The elected by me officials should protect my interests, not the powers' that be. My right to privacy is more important than how easy it is to the government to do its job. And in this case it is not even the government who is the main client of the information gatherer. The government just allows this gathering for its further use. It is a crime. I have a right to be left alone and not to be preyed upon. More so, because I have nothing to hide.
Thank you for the article.
It is good to know.


Posted by:

JD
13 Jul 2016

Bob, I have been reading your columns since the tour buss days and I have always found them to be informative. Quite often I learn as much or more from the thoughtful comments of your readers as I do from your column.
Today's column was a major exception. While proper grammar and spelling is important, it should not become the main topic of the comments.
I sincerely hope that you simply delete comments that provide no useful information so as to prevent your comment pages from deteriorating to the level that you can find in the comment section of any newspaper.
If you do not agree feel free to delete this comment.
JD


Posted by:

MD
14 Jul 2016

Thanks for the good info, Bob. I'm sure this situation with these types of businesses is just the tip of the ice burg. These people are parasites, who've been blinded by the huge profits that are generated by their invasion of our privacy & the subsiquent misuse. If everyone thinks this is bad now, just wait, it gets worse. And it will continue to go in that direction unless we do something about it now.
I've felt for many years that even many of the handy little apps we use routinely are probably designed specifically to be sneaky, backdoor, data miners. Isn't that the real definition of a Trojan horse?
Can't wait to see what little "surprises" Pokemon Go has in store.


Posted by:

MD
14 Jul 2016

I'd like to add that I agree with much of the info written by "barry" above. Including his remark about "the tic ac toe we see in our sky above us!" I'm sure he is referring to the "chemtrails' left by jets spraying our skies. This is deadly serious and needs our immediate attention. The real term for it is "geoengineering". See geoengineerinwatch.org for the frightening story. Sorry to get a bit off-topic.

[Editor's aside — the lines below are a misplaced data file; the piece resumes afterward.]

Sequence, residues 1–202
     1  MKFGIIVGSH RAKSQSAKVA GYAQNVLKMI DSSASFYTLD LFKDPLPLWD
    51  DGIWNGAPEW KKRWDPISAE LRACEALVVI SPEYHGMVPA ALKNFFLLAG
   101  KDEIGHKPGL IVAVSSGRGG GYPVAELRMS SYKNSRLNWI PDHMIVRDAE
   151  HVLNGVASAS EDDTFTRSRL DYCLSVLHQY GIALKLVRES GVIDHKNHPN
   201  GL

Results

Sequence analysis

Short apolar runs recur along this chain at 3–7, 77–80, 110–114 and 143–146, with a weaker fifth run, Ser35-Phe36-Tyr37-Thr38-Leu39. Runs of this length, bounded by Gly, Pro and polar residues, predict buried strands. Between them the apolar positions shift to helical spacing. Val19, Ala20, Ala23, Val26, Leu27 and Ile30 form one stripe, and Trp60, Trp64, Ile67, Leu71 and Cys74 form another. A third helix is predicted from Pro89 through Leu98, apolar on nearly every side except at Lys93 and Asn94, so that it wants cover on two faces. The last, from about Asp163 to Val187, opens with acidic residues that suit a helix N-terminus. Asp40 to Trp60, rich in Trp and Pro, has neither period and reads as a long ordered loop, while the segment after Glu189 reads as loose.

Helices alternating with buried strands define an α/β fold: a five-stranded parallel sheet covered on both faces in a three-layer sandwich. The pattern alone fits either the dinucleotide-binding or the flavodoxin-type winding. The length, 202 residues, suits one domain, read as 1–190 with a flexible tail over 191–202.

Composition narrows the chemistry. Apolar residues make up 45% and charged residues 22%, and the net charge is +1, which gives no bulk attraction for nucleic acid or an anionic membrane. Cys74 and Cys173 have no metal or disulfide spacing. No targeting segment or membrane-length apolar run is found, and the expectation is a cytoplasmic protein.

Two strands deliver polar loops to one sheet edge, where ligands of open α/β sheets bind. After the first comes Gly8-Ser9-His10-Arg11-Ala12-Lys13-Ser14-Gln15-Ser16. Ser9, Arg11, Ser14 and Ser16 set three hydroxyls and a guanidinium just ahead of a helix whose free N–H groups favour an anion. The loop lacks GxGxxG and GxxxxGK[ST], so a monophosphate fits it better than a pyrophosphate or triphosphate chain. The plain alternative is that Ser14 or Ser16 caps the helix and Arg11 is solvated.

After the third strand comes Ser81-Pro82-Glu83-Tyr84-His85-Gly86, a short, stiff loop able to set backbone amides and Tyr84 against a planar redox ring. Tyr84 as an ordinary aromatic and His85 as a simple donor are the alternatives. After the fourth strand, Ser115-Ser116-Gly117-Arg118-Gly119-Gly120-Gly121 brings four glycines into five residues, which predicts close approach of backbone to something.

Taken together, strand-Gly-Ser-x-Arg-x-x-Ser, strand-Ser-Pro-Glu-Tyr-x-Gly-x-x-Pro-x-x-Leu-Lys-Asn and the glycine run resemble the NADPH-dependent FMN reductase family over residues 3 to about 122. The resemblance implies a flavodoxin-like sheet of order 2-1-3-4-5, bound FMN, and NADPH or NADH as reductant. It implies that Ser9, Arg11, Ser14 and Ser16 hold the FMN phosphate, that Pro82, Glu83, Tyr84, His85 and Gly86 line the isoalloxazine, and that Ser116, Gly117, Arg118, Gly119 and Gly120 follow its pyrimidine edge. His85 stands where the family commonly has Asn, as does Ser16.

Posted by:

Bob S
15 Jul 2016

I TOTALLY agree with you, JD!


Posted by:

Old Man
15 Jul 2016

This has been going on for decades before Al Gore invented the Internet. The Internet just makes the amount and type of data gathered easier and faster.

Bob’s article brings all this clandestine data gathering to our attention. However, other than insurance companies, he does not say much about its misuse. Then he directs our attention to one potential user.

The comments about possible grammar errors only re-enforces what I’ve been saying since before Snowden. People don’t care who (Microsoft excepted) has what information about them; be it spammers, ad agencies, scam artists, blackmailers, or some other nefarious group.

But Heaven forbid that a government agency should get hold of a shred of it! – even if comes from someone else’s database.

Re: MD@14Jul2016
You are correct. This is only the tip of the iceberg. Add in all the surveillance devices, the IoT, add-ons to programs we use, etc., we have very little privacy left. And, all this information is available to the Data Brokers to sell to whomever is willing to pay.



Posted by:

Dean
16 Jul 2016

It's been almost a decade since I became aware of the fact that the USPS (an arm of the government) sells my information to 3rd parties. Bob, I'd like to hear more about how that works and why I can't stop getting so much junk as a result.

I bought a house last year and I still get letters most every day from myriad wannabe lenders containing my full name, address, and loan number (sometimes actually correct). I shred my junk mail now.

I guess the USPS is the original data broker in America. Let's band together and destroy our mailboxes. Damn the identity thieves!

EDITOR'S NOTE: From a Forbes article on this topic: "Even if you do not file a change of address with the post office, data brokers often learn that you have moved when you update your magazine subscriptions, deed registrations, phone connections, credit card details or have transitions with other companies. Then they include you into a list of ‘new movers.’ "

See http://www.forbes.com/sites/adamtanner/2013/07/08/how-the-post-office-sells-your-new-address-with-anyone-who-pays-and-the-little-known-loophole-to-opt-out